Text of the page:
PRAGUE (Reuters) - Czech voters are equally split ahead of a presidential vote next weekend between an academic who promises a better relationship with the European Union and incumbent Milos Zeman, who has used his time in office to push closer ties with Russia and China.
A poll by Kantar TNS for Czech Television shows voters leaning 45.5 percent for Zeman and 45 percent for Jiri Drahos, who is a former head of the Academy of Sciences.
In the poll, which had 1,522 respondents, some 9.5 percent were undecided or not answering. Drahos also had a slightly higher number of “certain” voters than Zeman.
The Jan. 26-27 second round echoes other elections in the past two years across the European Union as well as U.S. President Donald Trump’s battle with former Secretary of State Hillary Clinton for the White House in 2016.
The 73-year-old Zeman has courted the far right in rejecting migrants from Muslim countries while pursuing warmer relations with Russia and China and sniping at the press. He won the first election round with 38.6 percent of the vote.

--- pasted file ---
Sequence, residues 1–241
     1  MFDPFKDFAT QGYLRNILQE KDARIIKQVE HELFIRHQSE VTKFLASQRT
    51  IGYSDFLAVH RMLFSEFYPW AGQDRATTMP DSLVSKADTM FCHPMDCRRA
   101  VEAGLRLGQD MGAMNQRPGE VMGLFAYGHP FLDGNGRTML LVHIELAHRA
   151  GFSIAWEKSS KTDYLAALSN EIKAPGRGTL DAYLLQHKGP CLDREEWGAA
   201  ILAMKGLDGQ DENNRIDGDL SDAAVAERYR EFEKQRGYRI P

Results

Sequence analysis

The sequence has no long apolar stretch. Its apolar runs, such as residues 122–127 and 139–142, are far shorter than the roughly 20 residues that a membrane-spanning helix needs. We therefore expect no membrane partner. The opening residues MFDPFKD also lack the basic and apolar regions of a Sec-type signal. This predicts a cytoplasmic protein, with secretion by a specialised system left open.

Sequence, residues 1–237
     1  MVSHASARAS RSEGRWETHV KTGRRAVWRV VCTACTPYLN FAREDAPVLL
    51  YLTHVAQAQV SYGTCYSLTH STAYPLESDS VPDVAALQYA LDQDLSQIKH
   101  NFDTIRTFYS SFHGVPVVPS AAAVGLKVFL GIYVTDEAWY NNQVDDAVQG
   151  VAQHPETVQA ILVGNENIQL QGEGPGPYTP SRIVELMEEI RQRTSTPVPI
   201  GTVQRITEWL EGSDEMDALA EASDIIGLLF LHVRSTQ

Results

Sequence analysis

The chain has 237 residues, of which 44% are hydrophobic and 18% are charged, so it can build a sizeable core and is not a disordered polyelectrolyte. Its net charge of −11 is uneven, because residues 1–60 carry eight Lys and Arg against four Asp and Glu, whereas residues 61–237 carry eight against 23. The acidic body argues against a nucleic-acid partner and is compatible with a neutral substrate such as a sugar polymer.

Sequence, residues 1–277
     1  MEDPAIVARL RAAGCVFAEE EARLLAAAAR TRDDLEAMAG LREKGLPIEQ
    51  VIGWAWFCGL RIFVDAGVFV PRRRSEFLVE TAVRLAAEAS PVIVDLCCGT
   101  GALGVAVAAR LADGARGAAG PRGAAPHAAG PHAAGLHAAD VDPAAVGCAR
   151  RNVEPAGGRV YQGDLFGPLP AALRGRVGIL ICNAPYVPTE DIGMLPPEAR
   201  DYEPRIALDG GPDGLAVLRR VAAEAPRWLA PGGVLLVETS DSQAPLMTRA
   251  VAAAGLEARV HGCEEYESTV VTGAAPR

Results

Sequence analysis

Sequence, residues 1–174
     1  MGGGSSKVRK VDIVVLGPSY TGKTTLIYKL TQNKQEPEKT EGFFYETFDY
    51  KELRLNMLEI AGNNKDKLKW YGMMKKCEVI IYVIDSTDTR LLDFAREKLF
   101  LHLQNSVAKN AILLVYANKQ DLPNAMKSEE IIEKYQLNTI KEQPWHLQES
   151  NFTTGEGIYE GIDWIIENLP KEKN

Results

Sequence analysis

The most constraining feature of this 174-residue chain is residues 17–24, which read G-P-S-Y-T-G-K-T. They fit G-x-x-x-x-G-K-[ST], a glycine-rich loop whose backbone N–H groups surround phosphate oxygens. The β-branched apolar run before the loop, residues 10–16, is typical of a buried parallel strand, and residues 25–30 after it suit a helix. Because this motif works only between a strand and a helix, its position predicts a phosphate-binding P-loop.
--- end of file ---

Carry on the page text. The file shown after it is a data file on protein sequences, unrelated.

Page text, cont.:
Drahos, 68, finished second on 26.6 percent with support from liberal voters attracted by his policies favoring European Union integration.
The vote is seen as a referendum on Zeman, who has been in office since 2013. Most candidates who lost in the first round of voting endorse Drahos, which helps him narrow the gap.
While Czech presidents have limited executive power in the country of 10.6 million they do appoint prime ministers and central bankers, represent the country abroad and can have a big influence in public opinion.
The election can impact who leads the next government. Prime Minister Andrej Babis is rushing to form a new cabinet before a new presidential term starts on March 8.
The billionaire businessman Babis, whose ANO party was a runaway winner in a parliamentary election last October, has struggled to get governing partners while he battles police allegations of EU subsidy fraud, which he denies.
Lawmakers stripped him of his immunity from prosecution on Friday, a few days Babis’s minority cabinet lost a confidence vote. Other parties have shunned governing with Babis.
Zeman has backed Babis - who in turn has endorsed Zeman in the election - although Drahos has advised Babis to step aside to help a new administration form and has said it would be unacceptable to have a prime minister who faces police charges.
Reporting by Jason Hovet; Editing by Matthew Mpoke Bigg